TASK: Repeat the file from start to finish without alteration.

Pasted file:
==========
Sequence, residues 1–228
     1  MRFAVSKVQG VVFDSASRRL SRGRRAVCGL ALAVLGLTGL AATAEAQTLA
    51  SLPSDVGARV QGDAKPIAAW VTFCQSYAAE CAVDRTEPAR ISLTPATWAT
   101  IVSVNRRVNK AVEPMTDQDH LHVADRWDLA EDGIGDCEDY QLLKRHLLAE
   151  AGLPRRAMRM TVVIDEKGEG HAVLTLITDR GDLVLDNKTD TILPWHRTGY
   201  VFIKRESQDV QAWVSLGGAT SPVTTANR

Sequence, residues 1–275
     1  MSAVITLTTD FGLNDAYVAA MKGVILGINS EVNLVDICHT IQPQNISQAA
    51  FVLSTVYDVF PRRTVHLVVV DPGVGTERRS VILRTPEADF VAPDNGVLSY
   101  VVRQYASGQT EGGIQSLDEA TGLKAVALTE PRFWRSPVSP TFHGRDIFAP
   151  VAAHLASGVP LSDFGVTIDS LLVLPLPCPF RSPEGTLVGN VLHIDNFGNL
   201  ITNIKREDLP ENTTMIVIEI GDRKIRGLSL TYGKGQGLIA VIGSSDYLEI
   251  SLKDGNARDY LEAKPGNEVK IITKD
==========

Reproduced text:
Sequence, residues 1–228
     1  MRFAVSKVQG VVFDSASRRL SRGRRAVCGL ALAVLGLTGL AATAEAQTLA
    51  SLPSDVGARV QGDAKPIAAW VTFCQSYAAE CAVDRTEPAR ISLTPATWAT
   101  IVSVNRRVNK AVEPMTDQDH LHVADRWDLA EDGIGDCEDY QLLKRHLLAE
   151  AGLPRRAMRM TVVIDEKGEG HAVLTLITDR GDLVLDNKTD TILPWHRTGY
   201  VFIKRESQDV QAWVSLGGAT SPVTTANR

Sequence, residues 1–275
     1  MSAVITLTTD FGLNDAYVAA MKGVILGINS EVNLVDICHT IQPQNISQAA
    51  FVLSTVYDVF PRRTVHLVVV DPGVGTERRS VILRTPEADF VAPDNGVLSY
   101  VVRQYASGQT EGGIQSLDEA TGLKAVALTE PRFWRSPVSP TFHGRDIFAP
   151  VAAHLASGVP LSDFGVTIDS LLVLPLPCPF RSPEGTLVGN VLHIDNFGNL
   201  ITNIKREDLP ENTTMIVIEI GDRKIRGLSL TYGKGQGLIA VIGSSDYLEI
   251  SLKDGNARDY LEAKPGNEVK IITKD